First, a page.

MADISON, Wis.—Wisconsins presidential primary election will proceed Tuesday under an order from the state Supreme Court that came just hours after Democratic Gov. Tony Evers tried to postpone voting as part of a last-ditch effort amid growing fears over the CCP (Chinese Communist Party) virus, commonly known as the novel coronavirus.
The court ruled 4-2 on Monday that Evers lacked the authority to move the election on his own. Conservatives control the court 5-2, but one of the conservative justices is up for reelection Tuesday and didnt participate in the ruling.
Evers had previously opposed moving the election and said he didnt have the authority to shift the timing unilaterally. But he changed course Monday, ordering a delay of in-person voting to June 9, as poll sites closed because nervous volunteers were unwilling to staff them and as criticism about holding the election grew.
The governor said his order was the last hope for stopping the election. A spokeswoman for the state Department of Justice, which represented Evers, did not immediately respond to a message about possible further legal action.
The Wisconsin election is being viewed as a national test case in a broader fight over voter access in the age of the CCP virus with major implications for the presidential primary contests ahead—and, possibly, the November general election. Many other states pushed their primaries back as the CCP virus swept across the nation.
Meanwhile, Republicans have also asked the U.S. Supreme Court to throw out a lower courts order extending absentee voting to April 13. There was no indication on when the top court would rule.
At the presidential level, Joe Biden already has a commanding delegate lead over Bernie Sanders, and the Wisconsin results arent likely to dampen his march to the Democratic nomination. But the tumult in one of the most critical general election battlegrounds underscored the challenge of voting during a pandemic when public health officials are discouraging groups from gathering for virtually any reason to prevent the spread of the virus.
Evers himself had questioned whether he had the power to reschedule the election, but said the worsening situation, including an increase in COVID-19 deaths from 56 on Friday to 77 on Monday, made it clear there was no way to safely move forward. Evers said he was motivated by protecting public health, not politics.
“The people of Wisconsin, the majority of them, dont spend all their waking hours thinking about are Republicans or Democrats getting the upper hand here,” Evers said earlier Monday. “Theyre saying theyre scared. Theyre scared of going to the polls. Theyre scared for their future. At the end of the day, someone has to stand up for those folks.”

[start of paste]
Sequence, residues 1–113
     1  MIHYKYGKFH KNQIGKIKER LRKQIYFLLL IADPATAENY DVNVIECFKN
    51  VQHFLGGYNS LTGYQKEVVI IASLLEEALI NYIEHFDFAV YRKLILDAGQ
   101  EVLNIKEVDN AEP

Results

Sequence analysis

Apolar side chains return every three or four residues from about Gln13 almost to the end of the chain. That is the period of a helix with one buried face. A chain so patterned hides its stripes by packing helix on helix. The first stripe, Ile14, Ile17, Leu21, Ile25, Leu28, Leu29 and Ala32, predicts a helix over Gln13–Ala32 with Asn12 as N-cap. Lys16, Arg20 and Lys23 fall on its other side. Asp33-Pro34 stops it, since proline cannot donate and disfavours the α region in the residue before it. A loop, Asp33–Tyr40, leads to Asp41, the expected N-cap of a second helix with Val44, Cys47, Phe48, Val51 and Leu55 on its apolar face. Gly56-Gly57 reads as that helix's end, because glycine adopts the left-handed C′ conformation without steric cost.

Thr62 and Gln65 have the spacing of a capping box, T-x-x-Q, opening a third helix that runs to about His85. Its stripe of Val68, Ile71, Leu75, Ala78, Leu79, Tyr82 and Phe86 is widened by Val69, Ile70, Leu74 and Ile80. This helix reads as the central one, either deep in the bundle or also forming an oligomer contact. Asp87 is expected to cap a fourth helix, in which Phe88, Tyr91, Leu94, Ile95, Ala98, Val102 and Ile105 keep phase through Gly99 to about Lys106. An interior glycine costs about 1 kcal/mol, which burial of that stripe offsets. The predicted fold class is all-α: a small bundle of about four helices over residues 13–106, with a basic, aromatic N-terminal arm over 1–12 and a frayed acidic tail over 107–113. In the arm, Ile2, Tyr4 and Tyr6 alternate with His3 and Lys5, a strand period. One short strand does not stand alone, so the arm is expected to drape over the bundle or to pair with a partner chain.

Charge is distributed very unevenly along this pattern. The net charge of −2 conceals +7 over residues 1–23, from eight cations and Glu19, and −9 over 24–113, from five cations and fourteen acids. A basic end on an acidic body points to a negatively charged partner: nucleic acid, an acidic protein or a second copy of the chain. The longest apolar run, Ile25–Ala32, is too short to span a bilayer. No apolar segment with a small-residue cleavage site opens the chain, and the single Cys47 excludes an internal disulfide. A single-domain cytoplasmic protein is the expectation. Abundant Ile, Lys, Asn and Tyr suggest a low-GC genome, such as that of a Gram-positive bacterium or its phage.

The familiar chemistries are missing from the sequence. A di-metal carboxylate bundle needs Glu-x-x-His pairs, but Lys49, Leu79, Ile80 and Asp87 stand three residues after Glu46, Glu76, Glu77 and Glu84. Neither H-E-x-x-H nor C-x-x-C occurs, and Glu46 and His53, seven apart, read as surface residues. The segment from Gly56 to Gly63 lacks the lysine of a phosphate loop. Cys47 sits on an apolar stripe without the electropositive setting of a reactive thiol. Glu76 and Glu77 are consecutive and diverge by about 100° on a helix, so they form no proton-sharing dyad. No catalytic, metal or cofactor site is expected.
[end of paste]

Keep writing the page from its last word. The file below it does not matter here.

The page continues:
Republicans quickly took their case to the conservative-leaning Wisconsin Supreme Court, which ruled in their favor. Dan Kelly, one of the conservative judges who is also on the ballot on Tuesday, recused himself from the case and then commented on Twitter that the election can be done safely and should be allowed to proceed.
“We urge clerks, poll workers, and voters to stand ready to conduct the election tomorrow,” Kelly tweeted.
A separate legal fight over absentee ballots was pending before the U.S. Supreme Court.
Given the expected “fast-moving” legal action, the Wisconsin Elections Commission told local election clerks it should proceed with planning as if the election would still occur on Tuesday.
Evers and Republicans initially agreed that it was imperative for the election to proceed because thousands of local offices are on the ballot Tuesday for terms that begin in two weeks. There is also a state Supreme Court election.
Ohio saw a similar eleventh-hour flurry the day before its primary last month. After the states governor and secretary of state failed to persuade a judge to shift the election date, the state health director stepped in and ordered voting shut down. Legislators set a new, almost all-mail primary for April 28, sparking new legal challenges from voting rights groups, but a federal judge on FRead More – Source